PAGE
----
Friday, August 10, 2007


Let us look at some sobering questions regarding the church in general and its worship services in particular. Little is said in the New Testament about an actual "worship service," but we do have some glimpses.

Does Scripture give us a command to name Christ's Church? The answer from all students of the Bible must be "No." Then, why do we allow traditions (such as denominational preferences) to influence us concerning our church names and its services? If "Scripture alone" is our "authority" for what we do, how can we possibly be wedded to so many unscriptural views?

Does the wind blow the same everyday? Do we eat the same foods everyday? Do we wear the same clothes everyday? If not, then why do we meet as God's people, and regularly do the same things each time? The wind of the Spirit will blow differently from time to time, and He will cause us to worship differently also. Why the unnecessary, formal, cold, set-in-concrete order of worship? Where is the Scripture for such (regarding time frame or form)? There is none.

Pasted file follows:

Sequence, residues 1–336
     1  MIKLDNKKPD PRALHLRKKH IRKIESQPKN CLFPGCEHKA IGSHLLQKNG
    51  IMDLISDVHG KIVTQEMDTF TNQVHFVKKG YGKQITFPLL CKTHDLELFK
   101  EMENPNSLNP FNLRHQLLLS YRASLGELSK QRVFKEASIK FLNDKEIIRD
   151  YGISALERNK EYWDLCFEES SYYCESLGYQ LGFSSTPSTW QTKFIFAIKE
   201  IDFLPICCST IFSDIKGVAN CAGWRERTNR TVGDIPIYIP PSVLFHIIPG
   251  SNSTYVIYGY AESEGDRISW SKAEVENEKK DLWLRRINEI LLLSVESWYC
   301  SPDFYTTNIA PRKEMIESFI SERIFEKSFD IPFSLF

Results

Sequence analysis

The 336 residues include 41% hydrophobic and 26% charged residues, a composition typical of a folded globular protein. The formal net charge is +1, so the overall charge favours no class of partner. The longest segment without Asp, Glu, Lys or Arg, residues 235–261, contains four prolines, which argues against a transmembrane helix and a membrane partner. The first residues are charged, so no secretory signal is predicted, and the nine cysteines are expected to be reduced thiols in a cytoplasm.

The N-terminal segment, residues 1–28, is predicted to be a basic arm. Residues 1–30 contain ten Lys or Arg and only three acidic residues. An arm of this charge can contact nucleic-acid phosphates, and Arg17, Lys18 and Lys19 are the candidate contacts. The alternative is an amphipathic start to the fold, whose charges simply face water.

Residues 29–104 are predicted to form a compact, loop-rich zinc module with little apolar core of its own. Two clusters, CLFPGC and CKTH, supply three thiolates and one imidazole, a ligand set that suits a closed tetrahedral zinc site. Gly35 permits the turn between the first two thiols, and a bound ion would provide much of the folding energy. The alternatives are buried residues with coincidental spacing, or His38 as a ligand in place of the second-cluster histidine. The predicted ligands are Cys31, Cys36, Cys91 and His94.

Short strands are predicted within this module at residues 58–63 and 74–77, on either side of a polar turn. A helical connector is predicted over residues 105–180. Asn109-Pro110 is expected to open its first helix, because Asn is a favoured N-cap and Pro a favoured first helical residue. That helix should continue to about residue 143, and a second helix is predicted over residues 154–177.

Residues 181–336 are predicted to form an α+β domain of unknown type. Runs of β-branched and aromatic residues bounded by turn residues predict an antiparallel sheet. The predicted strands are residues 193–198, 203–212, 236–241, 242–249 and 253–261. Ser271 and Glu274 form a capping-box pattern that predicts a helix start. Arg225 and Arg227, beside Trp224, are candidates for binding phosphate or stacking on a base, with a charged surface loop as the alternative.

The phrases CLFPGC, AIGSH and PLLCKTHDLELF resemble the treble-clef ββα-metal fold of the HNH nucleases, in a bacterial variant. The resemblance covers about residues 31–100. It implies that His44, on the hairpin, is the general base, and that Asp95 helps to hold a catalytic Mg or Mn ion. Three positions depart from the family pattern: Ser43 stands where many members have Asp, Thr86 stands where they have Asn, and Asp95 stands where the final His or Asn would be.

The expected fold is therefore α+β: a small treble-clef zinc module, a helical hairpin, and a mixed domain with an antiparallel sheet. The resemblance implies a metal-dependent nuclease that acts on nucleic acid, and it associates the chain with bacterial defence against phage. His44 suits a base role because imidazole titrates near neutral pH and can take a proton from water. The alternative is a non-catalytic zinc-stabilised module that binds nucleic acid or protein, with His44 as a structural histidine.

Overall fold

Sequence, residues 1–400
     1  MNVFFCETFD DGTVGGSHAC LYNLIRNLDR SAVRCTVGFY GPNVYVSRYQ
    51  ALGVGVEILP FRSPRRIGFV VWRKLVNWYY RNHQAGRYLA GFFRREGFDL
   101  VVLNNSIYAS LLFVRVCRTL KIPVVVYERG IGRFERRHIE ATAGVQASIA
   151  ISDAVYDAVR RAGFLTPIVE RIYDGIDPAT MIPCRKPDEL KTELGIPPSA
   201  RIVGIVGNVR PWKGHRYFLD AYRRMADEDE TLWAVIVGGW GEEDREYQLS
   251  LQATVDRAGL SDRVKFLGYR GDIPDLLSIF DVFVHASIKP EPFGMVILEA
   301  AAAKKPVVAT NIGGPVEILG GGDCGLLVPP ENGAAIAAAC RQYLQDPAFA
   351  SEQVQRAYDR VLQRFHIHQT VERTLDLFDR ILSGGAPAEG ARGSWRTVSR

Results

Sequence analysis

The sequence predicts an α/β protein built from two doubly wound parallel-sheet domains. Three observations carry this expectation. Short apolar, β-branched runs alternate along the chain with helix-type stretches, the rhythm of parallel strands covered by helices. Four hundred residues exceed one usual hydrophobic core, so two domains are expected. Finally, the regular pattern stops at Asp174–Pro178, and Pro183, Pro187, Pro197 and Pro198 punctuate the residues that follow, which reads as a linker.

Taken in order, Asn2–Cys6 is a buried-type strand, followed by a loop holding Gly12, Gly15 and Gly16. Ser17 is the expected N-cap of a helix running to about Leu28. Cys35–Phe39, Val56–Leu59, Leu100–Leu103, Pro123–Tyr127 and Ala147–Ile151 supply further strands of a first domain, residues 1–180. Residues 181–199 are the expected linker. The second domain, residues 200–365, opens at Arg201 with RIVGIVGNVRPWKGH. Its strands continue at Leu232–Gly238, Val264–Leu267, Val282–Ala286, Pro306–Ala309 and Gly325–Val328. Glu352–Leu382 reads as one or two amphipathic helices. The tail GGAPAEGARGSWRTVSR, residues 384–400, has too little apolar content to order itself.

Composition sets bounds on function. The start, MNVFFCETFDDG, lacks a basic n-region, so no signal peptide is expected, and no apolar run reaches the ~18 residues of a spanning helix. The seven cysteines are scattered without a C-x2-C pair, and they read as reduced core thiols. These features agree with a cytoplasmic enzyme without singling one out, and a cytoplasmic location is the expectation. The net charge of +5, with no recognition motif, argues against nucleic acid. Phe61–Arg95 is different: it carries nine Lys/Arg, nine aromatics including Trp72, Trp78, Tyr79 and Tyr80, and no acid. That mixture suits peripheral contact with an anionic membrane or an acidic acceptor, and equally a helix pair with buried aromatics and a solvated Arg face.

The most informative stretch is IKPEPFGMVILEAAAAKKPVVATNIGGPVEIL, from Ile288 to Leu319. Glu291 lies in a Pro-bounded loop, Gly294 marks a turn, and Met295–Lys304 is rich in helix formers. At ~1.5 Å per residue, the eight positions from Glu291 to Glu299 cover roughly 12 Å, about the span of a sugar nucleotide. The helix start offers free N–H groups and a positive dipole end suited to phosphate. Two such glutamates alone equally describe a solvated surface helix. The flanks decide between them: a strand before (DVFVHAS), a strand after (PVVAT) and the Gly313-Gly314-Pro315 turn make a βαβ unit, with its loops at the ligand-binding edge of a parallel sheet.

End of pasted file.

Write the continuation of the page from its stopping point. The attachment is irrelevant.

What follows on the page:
True worship must be spontaneous, spiritual, and scriptural, according to our Lord Jesus Christ (John 4:23-24). And according to Paul, it must be a "report that God is truly among you" (I Corinthians 14:23-25). If we meet and are not humbled and edified by God Himself being present among us, what good is it to meet, and how could this possibly help the unbeliever?

There was most definitely participation by individual Christians in apostolic meetings, brethren sharing "a psalm, a doctrine, a tongue, a revelation, an interpretation" (v. 26). While this may not be the norm for all time, it tells us the members of the body have differing functions, and should properly use spiritual gifts. Then, Paul plainly says, "Let all things be done unto edifying." And "love" among Christians is the spiritual glue that holds the body together (Colossians 3:14).
"The true church of Christ and false or merely nominal churches are to be distinguished by a comparison with the apostolic standard." C. B. Hassell

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